- Short enough (or with a simple refrain) that people can speak it aloud together.
 - Whether metaphorical or not, hints at a theme of relating to memories and the preserving thereof. (I think this is something most worldviews can relate to)
 - All things being equal, something fairly commonly known.
 - Since everyone's going to want their own favorite poem to be the one adopted, people interested in this problem should try applying some meta-cooperative-considerations - what do you wish other people with their own favorite poems were doing to try and settle on this?

If you have either suggestions for a poetic contender, or disagreements with my thought process here, let me know!


In the next (probably final) post of this mini-sequence, I'll be talking about Humanism, Transhumanism, and the Far Future.

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Someone recommended this one. I think it has pluses and minuses over "Do not go gentle."


I am not resigned to the shutting away of loving hearts in the hard ground.
So it is, and so it will be, for so it has been, time out of mind:
Into the darkness they go, the wise and the lovely. Crowned
With lilies and with laurel they go; but I am not resigned.

Lovers and thinkers, into the earth with you.
Be one with the dull, the indiscriminate dust.
A fragment of what you felt, of what you knew,
A formula, a phrase remains,—but the best is lost.

The answers quick and keen, the honest look, the laughter, the love,—
They are gone. They are gone to feed the roses. Elegant and curled
Is the blossom. Fragrant is the blossom. I know. But I do not approve.
More precious was the light in your eyes than all the roses in the world.

Down, down, down into the darkness of the grave
Gently they go, the beautiful, the tender, the kind;
Quietly they go, the intelligent, the witty, the brave.
I know. But I do not approve. And I am not resigned.

Formatting tip: If you end a line with two spaces, it'll put the following line directly below it, instead of continuing the paragraph.

THANK you!

Robert Frost's"Nothing Gold Can Stay" seems like the obvious choice.

1) It is so popular that the majority of people already at least sorta-know it, and a significant percentage could already recite it from memory.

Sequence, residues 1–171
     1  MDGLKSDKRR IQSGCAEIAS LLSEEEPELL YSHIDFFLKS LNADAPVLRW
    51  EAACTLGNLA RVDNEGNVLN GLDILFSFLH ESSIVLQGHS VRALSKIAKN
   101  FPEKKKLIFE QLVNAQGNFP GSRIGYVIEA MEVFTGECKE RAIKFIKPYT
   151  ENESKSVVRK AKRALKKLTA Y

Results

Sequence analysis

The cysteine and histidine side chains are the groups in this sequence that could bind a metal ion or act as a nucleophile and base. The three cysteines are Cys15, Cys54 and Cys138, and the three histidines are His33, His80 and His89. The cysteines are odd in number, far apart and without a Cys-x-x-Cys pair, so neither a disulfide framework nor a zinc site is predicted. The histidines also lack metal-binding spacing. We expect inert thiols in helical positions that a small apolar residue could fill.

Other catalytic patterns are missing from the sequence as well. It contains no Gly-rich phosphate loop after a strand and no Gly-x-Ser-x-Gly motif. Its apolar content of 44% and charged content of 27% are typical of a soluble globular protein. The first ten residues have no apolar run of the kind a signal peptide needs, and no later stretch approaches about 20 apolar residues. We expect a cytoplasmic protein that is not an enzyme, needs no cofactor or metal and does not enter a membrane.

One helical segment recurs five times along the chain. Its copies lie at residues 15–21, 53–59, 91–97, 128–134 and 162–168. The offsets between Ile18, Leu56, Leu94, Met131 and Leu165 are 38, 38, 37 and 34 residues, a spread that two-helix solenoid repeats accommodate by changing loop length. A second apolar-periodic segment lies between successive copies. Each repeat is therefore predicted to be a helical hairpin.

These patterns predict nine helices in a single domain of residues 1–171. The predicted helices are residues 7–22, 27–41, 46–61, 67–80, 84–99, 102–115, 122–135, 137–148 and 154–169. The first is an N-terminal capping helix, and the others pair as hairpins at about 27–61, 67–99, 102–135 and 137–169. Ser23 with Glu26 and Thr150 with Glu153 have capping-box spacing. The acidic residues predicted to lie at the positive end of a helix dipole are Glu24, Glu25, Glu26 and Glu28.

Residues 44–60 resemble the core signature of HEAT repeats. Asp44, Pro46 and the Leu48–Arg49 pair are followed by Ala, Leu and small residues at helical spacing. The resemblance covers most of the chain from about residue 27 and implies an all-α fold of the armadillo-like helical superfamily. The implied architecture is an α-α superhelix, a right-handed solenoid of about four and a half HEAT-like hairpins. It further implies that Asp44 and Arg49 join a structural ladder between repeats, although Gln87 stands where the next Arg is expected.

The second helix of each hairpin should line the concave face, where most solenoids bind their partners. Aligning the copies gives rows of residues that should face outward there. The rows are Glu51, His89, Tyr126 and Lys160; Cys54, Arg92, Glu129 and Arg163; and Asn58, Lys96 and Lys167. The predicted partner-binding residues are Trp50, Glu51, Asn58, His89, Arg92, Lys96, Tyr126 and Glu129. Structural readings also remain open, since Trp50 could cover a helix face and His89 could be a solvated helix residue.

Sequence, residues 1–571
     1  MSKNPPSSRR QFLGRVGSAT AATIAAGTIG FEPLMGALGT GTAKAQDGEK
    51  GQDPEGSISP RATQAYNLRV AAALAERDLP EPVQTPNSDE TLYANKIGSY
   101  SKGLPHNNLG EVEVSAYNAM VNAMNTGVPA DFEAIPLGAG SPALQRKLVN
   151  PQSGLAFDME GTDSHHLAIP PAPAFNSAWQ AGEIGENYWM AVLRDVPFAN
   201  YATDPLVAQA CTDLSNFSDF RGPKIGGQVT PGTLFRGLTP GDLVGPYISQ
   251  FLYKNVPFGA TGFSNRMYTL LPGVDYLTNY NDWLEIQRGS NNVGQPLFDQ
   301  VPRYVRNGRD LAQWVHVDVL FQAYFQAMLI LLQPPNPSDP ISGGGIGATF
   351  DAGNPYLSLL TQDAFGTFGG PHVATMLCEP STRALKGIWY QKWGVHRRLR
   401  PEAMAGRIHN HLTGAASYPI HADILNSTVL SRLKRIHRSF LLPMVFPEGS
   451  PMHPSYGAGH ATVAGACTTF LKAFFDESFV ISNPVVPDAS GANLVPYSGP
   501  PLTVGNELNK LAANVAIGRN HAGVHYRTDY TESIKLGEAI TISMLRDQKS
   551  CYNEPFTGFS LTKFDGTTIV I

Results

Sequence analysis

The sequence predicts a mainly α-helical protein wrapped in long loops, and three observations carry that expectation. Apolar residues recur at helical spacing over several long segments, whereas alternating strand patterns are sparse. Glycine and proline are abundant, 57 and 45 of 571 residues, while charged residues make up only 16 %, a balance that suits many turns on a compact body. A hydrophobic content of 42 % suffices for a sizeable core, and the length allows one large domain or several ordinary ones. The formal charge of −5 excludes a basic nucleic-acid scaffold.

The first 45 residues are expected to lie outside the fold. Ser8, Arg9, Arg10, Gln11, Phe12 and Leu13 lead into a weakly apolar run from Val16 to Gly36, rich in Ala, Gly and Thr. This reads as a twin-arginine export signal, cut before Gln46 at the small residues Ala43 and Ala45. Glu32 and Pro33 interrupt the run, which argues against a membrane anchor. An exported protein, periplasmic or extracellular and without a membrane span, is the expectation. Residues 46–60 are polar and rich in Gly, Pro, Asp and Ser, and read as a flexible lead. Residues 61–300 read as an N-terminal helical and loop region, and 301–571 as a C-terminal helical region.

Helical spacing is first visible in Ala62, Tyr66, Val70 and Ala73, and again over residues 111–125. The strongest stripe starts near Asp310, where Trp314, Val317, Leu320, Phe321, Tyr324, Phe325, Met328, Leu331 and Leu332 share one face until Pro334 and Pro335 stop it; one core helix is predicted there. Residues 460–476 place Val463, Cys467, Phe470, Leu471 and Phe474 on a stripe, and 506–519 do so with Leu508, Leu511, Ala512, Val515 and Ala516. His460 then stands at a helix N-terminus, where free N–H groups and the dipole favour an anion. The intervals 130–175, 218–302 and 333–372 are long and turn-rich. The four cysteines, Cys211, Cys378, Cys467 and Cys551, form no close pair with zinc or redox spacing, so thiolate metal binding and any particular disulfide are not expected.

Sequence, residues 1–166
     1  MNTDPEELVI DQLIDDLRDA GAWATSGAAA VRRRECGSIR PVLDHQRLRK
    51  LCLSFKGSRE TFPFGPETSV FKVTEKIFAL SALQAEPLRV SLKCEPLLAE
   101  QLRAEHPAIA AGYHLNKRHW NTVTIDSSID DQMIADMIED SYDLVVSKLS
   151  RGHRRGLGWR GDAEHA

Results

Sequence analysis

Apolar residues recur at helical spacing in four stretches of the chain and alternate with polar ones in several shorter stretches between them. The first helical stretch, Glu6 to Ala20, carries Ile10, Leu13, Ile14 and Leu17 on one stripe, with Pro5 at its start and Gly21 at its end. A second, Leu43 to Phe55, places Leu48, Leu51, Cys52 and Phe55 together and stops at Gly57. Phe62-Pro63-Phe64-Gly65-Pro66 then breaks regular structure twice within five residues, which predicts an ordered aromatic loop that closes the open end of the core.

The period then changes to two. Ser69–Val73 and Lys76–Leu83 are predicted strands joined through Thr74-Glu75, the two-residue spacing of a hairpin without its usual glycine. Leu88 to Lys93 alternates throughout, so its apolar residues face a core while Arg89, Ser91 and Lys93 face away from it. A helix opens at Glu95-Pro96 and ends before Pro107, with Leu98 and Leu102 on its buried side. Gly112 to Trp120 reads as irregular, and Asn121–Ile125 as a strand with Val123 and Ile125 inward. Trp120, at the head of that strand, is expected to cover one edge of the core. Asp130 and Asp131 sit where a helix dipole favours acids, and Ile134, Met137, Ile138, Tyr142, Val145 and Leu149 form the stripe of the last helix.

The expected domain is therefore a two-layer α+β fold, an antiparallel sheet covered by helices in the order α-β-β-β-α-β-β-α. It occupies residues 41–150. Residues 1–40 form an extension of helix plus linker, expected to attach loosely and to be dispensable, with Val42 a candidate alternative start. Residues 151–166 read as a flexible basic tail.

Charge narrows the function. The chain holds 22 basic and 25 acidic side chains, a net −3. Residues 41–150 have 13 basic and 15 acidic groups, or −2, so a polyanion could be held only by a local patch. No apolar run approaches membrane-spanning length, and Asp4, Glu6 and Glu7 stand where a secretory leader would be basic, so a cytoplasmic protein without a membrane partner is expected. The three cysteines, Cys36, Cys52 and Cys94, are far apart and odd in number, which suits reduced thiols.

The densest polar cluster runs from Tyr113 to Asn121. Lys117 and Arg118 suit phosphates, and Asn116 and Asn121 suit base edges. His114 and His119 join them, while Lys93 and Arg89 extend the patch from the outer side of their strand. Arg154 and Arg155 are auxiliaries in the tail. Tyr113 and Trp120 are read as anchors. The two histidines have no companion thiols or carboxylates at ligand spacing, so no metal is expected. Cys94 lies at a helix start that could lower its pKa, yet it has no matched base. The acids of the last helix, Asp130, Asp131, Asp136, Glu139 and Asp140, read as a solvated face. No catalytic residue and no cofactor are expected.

2) It has a cadence that makes it easy to recite in unison.

3) It's simple.

4) It isn't specific to atheism/ doesn't exclude anybody.

5) It faces death rather than rages against it. Funerals probably aren't the best time to rage against death. That's sorta counterproductive to the acceptance that funerals are supposed to provide that helps people move on with their lives in a functioning manner.

Nature’s first green is gold,
Her hardest hue to hold.
Her early leaf’s a flower;
But only so an hour.
Then leaf subsides to leaf.
So Eden sank to grief,
So dawn goes down to day.
Nothing gold can stay.

This seems like an obvious choice for a death-related poem...

Do not go gentle into that good night
Dylan Thomas, 1914 - 1953

Do not go gentle into that good night,
Old age should burn and rave at close of day;
Rage, rage against the dying of the light.

Though wise men at their end know dark is right,
Because their words had forked no lightning they
Do not go gentle into that good night.

Good men, the last wave by, crying how bright
Their frail deeds might have danced in a green bay,
Rage, rage against the dying of the light.

Wild men who caught and sang the sun in flight,
And learn, too late, they grieved it on its way,
Do not go gentle into that good night.

Grave men, near death, who see with blinding sight
Blind eyes could blaze like meteors and be gay,
Rage, rage against the dying of the light.

And you, my father, there on the sad height,
Curse, bless, me now with your fierce tears, I pray.
Do not go gentle into that good night.
Rage, rage against the dying of the light.

It's still under copyright, but I don't think that really matters...